"The strong and concrete nature of the proposals is very important for the sake of public debates. We are aware that there may be other, perhaps even better, standpoints, but none has been presented so far.”

According to Francisco Louçã, the European Central Bank Central Bank The establishment which in a given State is in charge of issuing bank notes and controlling the volume of currency and credit. In France, it is the Banque de France which assumes this role under the auspices of the European Central Bank (see ECB) while in the UK it is the Bank of England.

European Central Bank
The European Central Bank is a European institution based in Frankfurt, founded in 1998, to which the countries of the Eurozone have transferred their monetary powers. Its official role is to ensure price stability by combating inflation within that Zone. Its three decision-making organs (the Executive Board, the Governing Council and the General Council) are composed of governors of the central banks of the member states and/or recognized specialists. According to its statutes, it is politically ‘independent’ but it is directly influenced by the world of finance.
) debt bailout program will not suffice. The European Central Bank’s (ECB) debt bailout program will not sufficeIt is essential to cancel part of the debt through a process of negotiation and restructuring. "Anything can happen. It will all depend on the vision of a left-wing government that can - and should – manifestly take unilateral actions.”

We have to think out how to proceed after unilateral acts

Ignacio Alvarez, a member of Podemos and Professor of Applied Economics, pointed out at the outset that unlike the other speakers Podemos was yet to have a strong stand on the debt. However, Podemos had passed a resolution that initiated the debate.
This resolution has two tenets: Podemos’ economic program cannot be implemented without addressing the issue of debt (both public and private); and the institutional framework in which it operates (the European Union and its treaties) is to be treated with equal importance. “If the peripheral economies want to remain within this framework, they are expected to generate a higher primary surplus of 3 or 4 or even up to 7% in the coming years. This is unattainable and impossible”.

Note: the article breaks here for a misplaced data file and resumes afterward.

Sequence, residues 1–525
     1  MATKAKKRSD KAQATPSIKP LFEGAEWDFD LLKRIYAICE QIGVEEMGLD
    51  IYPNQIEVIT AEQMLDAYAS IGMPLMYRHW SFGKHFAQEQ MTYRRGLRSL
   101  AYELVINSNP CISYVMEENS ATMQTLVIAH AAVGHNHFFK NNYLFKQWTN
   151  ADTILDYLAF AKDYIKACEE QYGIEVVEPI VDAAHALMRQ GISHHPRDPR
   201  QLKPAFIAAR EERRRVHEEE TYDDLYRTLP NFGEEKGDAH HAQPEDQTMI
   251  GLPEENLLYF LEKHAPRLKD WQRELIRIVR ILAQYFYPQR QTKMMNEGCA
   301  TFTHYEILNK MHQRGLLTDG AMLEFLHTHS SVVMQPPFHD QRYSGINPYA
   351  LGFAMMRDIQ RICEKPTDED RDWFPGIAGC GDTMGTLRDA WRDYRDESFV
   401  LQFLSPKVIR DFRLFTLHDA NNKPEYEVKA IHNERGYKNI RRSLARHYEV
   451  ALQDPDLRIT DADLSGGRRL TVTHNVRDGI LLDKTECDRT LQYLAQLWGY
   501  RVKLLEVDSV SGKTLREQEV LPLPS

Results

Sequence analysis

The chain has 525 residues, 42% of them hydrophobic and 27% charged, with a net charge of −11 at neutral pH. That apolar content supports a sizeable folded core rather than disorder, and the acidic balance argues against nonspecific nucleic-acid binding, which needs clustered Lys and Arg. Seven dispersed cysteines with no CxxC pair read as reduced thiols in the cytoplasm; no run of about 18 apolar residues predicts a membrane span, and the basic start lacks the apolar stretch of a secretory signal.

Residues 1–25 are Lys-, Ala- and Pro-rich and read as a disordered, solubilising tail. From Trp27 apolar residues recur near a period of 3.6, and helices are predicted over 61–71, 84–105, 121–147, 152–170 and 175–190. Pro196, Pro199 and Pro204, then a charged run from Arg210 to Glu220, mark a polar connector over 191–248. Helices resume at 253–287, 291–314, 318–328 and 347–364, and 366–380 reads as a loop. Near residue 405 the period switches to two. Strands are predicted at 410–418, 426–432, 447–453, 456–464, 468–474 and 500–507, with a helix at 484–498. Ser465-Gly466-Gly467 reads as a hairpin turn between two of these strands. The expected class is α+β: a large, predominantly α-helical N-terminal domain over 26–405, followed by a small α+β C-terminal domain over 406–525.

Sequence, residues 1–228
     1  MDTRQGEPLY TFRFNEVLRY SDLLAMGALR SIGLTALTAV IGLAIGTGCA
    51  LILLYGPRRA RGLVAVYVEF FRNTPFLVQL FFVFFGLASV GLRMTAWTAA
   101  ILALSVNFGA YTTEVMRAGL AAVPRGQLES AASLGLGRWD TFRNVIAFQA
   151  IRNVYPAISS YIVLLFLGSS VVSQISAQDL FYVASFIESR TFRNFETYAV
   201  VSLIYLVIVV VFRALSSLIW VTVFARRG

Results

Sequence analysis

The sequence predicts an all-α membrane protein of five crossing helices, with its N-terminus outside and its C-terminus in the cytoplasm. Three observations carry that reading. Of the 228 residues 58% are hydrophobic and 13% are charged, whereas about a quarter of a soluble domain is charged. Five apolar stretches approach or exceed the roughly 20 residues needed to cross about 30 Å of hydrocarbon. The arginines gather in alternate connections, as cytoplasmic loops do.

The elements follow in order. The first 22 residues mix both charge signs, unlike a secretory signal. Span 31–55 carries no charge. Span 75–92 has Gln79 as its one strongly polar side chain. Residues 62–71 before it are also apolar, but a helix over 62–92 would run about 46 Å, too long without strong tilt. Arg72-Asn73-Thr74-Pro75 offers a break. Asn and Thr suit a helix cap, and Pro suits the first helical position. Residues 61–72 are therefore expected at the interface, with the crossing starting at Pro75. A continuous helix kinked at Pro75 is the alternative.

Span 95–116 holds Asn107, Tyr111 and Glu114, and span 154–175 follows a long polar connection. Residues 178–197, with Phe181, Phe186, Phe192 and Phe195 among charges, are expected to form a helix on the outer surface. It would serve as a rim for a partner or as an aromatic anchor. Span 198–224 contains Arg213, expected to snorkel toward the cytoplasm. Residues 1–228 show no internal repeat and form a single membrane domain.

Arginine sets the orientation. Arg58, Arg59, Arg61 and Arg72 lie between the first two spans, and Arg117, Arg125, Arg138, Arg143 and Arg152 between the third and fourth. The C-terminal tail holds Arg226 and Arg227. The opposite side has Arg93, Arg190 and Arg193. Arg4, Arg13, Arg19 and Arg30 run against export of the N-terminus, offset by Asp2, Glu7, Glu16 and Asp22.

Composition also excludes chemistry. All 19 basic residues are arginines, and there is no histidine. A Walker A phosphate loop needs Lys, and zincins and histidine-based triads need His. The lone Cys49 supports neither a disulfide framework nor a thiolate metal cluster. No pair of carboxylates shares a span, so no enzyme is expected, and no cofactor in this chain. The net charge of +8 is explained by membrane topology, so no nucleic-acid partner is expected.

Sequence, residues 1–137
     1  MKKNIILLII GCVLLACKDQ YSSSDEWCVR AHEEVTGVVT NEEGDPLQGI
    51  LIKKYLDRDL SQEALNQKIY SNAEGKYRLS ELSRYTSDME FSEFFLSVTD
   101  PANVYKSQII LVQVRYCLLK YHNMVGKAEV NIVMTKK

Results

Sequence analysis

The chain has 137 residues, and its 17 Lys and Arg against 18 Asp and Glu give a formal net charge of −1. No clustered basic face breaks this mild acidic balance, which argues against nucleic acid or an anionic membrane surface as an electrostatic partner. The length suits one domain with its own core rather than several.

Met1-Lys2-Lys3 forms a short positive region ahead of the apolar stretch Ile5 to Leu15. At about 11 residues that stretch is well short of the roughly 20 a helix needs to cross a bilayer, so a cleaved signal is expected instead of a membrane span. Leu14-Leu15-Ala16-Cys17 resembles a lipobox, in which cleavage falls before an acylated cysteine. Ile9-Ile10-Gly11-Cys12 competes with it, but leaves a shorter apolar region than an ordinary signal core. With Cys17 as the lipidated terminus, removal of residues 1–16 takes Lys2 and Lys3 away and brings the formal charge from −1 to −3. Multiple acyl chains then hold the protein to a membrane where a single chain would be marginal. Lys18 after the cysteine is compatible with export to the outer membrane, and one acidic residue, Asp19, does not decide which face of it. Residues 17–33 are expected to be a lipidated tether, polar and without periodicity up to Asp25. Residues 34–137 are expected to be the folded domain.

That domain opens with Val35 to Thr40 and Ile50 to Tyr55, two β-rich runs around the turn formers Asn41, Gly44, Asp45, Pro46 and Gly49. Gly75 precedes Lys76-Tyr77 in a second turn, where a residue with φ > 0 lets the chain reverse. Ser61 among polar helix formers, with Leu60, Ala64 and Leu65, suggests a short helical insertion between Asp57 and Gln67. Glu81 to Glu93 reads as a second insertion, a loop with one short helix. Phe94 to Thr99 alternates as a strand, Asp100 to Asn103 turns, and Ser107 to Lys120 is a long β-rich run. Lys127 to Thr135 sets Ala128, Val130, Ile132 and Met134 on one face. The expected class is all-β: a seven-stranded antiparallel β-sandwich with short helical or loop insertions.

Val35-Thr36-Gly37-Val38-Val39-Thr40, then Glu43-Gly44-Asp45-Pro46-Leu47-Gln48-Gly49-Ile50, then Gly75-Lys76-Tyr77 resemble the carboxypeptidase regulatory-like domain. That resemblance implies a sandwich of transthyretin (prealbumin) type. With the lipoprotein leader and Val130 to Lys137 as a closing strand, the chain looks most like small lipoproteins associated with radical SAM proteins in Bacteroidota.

Ignacio Alvarez explained Podemos’ stand regarding citizens’ audit and debt: "These two approaches must be in line but not mutually exclusive; restructuring must take place even in the case of an incomplete or inconclusive audit. We consider audit to be a tool for awareness building and politicization. It is also, as Éric said, an instrument that should help define illegitimacy.” He then laid out the ideal course for restructuring: “it must be conducive to an effective reduction: interest rates, repayment schedules, debt service Debt service The sum of the interests and the amortization of the capital borrowed. in the first few years as proposed by our Portuguese friends, and of course the principal of the debt.”

The restructuring must be conducive to an effective reduction: interest rates, repayment schedules, debt service in the first few years